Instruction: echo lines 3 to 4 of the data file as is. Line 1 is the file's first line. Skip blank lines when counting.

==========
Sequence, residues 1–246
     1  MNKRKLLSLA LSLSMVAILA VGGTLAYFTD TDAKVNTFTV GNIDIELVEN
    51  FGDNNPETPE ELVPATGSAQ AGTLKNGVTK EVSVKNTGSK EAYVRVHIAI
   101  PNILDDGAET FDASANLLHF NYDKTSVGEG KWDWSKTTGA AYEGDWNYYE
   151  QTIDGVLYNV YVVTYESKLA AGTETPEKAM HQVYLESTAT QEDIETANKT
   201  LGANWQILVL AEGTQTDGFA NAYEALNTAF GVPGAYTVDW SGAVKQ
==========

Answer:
    51  FGDNNPETPE ELVPATGSAQ AGTLKNGVTK EVSVKNTGSK EAYVRVHIAI
   101  PNILDDGAET FDASANLLHF NYDKTSVGEG KWDWSKTTGA AYEGDWNYYE